Projects at Lake Munmorah and Wallarah will be two of the first projects to be actioned under a new suite of planning measures aimed at helping Darkinjung Local Aboriginal Land Council achieve better outcomes for its land.
Residential development at Lake Munmorah and a proposal to rezone land at Wallarah for employment uses and environmental conservation, are outlined in the Interim Darkinjung Development Delivery PlanCentral Coast Council is currently progressing three Darkinjung planning proposals.
They are: rezoning land fronting the Pacific Hwy and Kanangra Dr, Lake Munmorah, to environmental and residential zonings; rezoning land fronting the Link Rd at Wallarah to environmental and industrial zonings;
and, rezoning land at Bushells Ridge and Doyalson to enable low density and large lot residential development, environmental conservation and a potential neighbourhood centre.
These planning proposals provide the opportunity for up to 1,500 dwellings and employment land to support 900 jobs, and the economic development from these proposals would also provide ongoing benefits to the Aboriginal community.
There will also be residential developments at Kariong and Somersby.
Darkinjung Chairperson, Matthew West, said the new plan would help generate employment and economic growth within the Central Coast community.
In the past, we have seen very long approval times.
Its a question of capacity, a number of our projects are quite large and require extensive studies which can take a number of years, he said.
Our Lake Munmorah proposal, for example, was first recorded in 2015.
The suite of pioneering planning measures was announced earlier this month by Matthew West and NSW Planning Minister, Anthony Roberts, and comprises State Environmental Planning Policy (SEPP) (Aboriginal Land) 2019, a Ministerial Direction, an Interim Darkinjung Development Delivery Plan, and a Memorandum of Understanding (MOU) outlining how Darkinjung and the NSW Government will work together.
West said they would provide certainty of cultural and environmental preservation for the future of Darkinjungs land holdings of about 3,700 hectares and would also help generate employment and economic growth within the Central Coast community.
Coordinator General for the Central Coast, Lee Shearer, said the package implemented a key direction of the Central Coast Regional Plan 2036, which was to strengthen the economic self-determination of Aboriginal communities.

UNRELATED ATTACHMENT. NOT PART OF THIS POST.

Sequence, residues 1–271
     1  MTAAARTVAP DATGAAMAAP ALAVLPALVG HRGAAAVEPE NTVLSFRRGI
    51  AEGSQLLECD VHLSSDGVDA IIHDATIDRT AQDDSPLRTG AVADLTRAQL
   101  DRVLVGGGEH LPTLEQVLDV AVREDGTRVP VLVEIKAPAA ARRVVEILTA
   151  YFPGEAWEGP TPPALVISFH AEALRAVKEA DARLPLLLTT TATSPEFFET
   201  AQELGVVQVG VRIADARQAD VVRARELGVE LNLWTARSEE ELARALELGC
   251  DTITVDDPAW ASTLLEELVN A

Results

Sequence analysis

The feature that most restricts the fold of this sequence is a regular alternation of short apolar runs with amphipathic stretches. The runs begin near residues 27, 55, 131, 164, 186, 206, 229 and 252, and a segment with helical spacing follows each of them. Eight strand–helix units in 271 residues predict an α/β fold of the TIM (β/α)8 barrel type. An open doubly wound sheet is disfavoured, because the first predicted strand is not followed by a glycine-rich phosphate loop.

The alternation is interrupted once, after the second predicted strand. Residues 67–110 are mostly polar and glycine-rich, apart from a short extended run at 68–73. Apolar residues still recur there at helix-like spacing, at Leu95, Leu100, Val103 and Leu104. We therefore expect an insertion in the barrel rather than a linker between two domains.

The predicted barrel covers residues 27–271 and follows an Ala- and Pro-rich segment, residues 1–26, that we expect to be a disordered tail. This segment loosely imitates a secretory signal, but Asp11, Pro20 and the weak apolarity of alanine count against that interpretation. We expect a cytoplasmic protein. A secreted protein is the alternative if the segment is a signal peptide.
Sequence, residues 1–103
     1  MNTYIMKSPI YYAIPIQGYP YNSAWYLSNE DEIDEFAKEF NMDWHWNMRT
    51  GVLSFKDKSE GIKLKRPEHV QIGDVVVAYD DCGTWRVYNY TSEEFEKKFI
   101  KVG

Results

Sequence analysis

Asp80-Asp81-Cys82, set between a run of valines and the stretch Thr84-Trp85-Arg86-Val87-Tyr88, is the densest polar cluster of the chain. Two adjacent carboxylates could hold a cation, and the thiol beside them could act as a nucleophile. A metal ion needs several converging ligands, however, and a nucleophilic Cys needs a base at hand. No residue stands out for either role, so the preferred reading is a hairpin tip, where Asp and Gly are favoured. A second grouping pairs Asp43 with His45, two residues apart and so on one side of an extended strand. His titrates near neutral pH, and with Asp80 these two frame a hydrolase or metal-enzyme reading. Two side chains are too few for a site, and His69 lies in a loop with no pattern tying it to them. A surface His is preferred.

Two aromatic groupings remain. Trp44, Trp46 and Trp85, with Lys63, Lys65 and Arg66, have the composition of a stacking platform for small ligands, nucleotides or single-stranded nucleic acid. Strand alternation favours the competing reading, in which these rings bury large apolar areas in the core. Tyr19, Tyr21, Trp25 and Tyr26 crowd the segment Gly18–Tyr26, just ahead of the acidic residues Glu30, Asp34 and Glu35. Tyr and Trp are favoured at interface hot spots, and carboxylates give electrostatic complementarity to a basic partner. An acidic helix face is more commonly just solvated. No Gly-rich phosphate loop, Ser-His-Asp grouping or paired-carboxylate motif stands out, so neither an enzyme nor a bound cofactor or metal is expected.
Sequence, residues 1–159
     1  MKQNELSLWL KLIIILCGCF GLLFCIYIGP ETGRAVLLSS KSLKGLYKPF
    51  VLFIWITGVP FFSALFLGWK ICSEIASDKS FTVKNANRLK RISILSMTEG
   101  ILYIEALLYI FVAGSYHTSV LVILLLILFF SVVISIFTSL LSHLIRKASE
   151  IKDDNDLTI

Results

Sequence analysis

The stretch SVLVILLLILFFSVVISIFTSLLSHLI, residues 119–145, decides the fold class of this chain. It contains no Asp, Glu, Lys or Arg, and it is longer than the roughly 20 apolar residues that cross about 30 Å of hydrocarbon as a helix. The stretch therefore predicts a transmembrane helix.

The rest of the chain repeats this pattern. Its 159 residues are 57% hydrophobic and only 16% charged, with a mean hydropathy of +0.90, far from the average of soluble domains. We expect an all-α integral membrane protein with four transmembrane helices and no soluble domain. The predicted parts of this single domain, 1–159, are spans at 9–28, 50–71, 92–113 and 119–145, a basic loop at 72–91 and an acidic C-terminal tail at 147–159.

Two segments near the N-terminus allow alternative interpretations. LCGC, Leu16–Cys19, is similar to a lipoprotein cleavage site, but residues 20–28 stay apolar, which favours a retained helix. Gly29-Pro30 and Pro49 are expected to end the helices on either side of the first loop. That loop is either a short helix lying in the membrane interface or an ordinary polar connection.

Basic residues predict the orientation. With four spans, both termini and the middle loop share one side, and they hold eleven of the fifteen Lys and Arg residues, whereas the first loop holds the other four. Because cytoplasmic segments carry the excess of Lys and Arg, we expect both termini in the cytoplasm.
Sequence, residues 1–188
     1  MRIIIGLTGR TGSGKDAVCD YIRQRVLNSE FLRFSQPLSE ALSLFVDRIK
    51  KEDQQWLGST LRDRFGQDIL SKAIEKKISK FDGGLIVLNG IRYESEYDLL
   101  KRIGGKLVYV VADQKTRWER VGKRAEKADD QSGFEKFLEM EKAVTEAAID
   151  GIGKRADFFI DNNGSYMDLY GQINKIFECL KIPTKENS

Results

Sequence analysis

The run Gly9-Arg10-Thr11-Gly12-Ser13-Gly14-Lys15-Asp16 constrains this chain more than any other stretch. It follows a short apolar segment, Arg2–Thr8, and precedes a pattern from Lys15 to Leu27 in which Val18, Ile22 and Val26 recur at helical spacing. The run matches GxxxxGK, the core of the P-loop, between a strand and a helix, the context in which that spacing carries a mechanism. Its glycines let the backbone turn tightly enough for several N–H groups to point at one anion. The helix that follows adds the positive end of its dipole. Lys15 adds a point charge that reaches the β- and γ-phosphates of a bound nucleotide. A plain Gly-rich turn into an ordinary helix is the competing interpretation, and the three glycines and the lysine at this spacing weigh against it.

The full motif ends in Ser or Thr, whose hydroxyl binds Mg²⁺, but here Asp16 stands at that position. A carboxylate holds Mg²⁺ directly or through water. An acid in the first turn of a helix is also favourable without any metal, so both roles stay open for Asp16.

The Regional Plan recognises that encouraging Aboriginal people to gain economic benefit from their land will support broader regional development, environmental and social outcomes, she said.
Darkinjung is one of 120 Local Aboriginal Land Councils in NSW established under the Aboriginal Land Rights (ALR) Act 1983, and is the largest non-government landholder on the Central Coast.
The ALR Act was passed by the NSW Parliament to establish a network of Aboriginal Land Councils to acquire and manage land as an economic base for Aboriginal communities, as compensation for historic dispossession and in recognition of their ongoing disadvantage.
Urban Development Institute of Australia NSW (UDIA NSW) CEO, Steve Mann, said the measures could become a model for addressing the needs of Local Aboriginal Land Councils throughout NSW.
Many Local Aboriginal Land Councils currently lack the experience and expertise to maximise the opportunities presented by their often substantial land holdings, he said.
The Darkinjung Delivery Framework seeks to support the Darkinjung LALC in its development efforts, and in so doing, also conveys positive outcomes for overall regional development, biodiversity conservation and social outcomes on the Central Coast.
Media release, Feb 6
Darkinjung Local Aboriginal Land Council
Media release, Feb 6
NSW Department of Planning and Environment
Media release, Feb 6
Urban Development Institute of Australia NSW
Interim Darkinjung Development Delivery Plan, 2019
Interview, Feb 13
Matthew West, Darkinjung Chairperson
Sue Murray, Journalist